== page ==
SOUTHFIELD, Mich. (WXYZ) — Every year the state assesses the value of your home to determine its worth and therefore its taxable value. While the value of a homeowner's property may not have risen, homeowners' taxable value has gone up automatically with inflation.
The Michigan Department of Treasury set the current multiplier to 7.9%. According to 7 Action News media partners at Outlier Media, inflation going into the taxable value of properties has been a state practice since 1995, after Michigan voters approved Proposal A. The proposal imposes a maximum annual increase in taxable value of 5% even if the rate of inflation is higher than that.
“I personally see it as a plus with some negatives obviously because it’s more money,” said one Berkeley resident who preferred not to be named. “We’re retired and obviously we’d rather keep the money in our pocket. So, I can see how for so many it’s difficult.”
The Berkeley woman says as a retiree, higher property taxes will mean a stricter budget.
“I think you just learn to cut back on things. We used to go out to eat a lot. We don’t do that anymore. We watch how we buy groceries. You just have to be more conscientious, and it does get tricky at times,” she said.
Mortgage brokers say property tax increases are normal however this year's increase is a nearly 30-year high.
“It is something that will always happen. It will happen again in the future,” said Mark Kossel with Midtown Mortgage in Detroit.
Kossel is the owner of Midtown Mortgage which he launched in 2019. Kossel described the company like a boutique lender that works hand in hand with their buyers.
“This will be an issue when taxes hit come July and buyers will be hit with an escrow shortage if they have an escrow account,” said Kossel. “Take a look at your escrow account because there’s a very good chance that once your taxes are due your escrow will be completely depleted.”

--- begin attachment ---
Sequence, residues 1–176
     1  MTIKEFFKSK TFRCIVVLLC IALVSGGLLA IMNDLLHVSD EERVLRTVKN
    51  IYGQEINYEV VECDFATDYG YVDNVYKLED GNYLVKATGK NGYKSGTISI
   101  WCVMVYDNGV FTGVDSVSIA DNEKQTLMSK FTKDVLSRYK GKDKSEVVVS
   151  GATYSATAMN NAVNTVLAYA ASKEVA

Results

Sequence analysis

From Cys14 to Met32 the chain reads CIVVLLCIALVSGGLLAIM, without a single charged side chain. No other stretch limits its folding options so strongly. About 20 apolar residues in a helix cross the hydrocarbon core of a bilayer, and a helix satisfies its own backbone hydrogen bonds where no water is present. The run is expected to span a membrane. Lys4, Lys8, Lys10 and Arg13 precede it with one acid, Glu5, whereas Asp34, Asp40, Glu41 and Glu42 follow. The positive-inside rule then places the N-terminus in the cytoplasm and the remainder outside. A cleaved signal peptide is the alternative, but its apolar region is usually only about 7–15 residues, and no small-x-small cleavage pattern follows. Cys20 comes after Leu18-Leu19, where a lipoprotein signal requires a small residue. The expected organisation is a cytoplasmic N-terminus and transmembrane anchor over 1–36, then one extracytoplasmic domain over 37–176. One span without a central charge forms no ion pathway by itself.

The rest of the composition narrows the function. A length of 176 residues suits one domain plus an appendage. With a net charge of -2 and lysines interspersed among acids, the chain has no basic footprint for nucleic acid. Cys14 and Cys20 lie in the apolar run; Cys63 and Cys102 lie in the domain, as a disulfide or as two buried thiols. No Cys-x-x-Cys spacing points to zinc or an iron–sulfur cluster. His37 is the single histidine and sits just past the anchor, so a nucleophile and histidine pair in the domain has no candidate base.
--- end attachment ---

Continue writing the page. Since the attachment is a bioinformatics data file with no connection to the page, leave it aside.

Kossel says there will be options to pay back what is owed or set up monthly payments. He also says many lenders have already started coming up with unique programs like buy-down options which allows for a lower interest rate for the first couple of years.
Jay Taylor is the owner of JTA Realtors. He says he started the company in 2016 when the market was fairly stable. He says when COVID hit in 2020, the market saw a number of drastic changes driving the value of properties up which is also impacting taxable value.
“The last three years have just been an inventory shortage. So even when all other factors indicate there should be a crash in prices, there should be a drop in prices because there hasn’t been enough properties for sale to meet the demand of the buyers, we have seen prices rise when they shouldn’t or at least stayed steady,” said Taylor.
Taylor says the addition of heightened property tax could also stand to make selling property more challenging going forward.
“I think (5% is) underselling what it actually will be,” said Jay Taylor with JTA Realtors. “I think some people will see their state equalized value, the SEV, which is where your taxable value rebounds to. It might be double or triple or even quadruple what the current owner is paying.”
“What kind of situation do you foresee that putting homeowners in,” 7 Action news Reporter Whitney Burney asked.
“Speculative sellers will have to lower expectations,” said Taylor. “There’s a person trying to sell a Palmer Woods mansion right now. They bought it for $400,000. They’re trying to sell it for $1.6 million. It’s is actually worth that. If you were to buy this home in any other metro area, it would sell for well more than $16 million. It’s a fair price. But the person who buys it, would have a $90,000 tax bill per year, the value of maybe a median home price in Detroit. So no one is going to buy it.”
Taylor says homeowners can prepare for the heightened property tax rates by doing the following:
- Budget for more than your expected annual tax bill
- Consult your city officials with over taxation concerns
- Consult your lender/real estate agent about available programs and options
- Speculative sellers should be prepared to sell for less
“There’s no new normal. Everything is weird and we just, one human at a time have to figure what their needs are and meet them. I feel like it’ll be a while before we find normal,” said Taylor.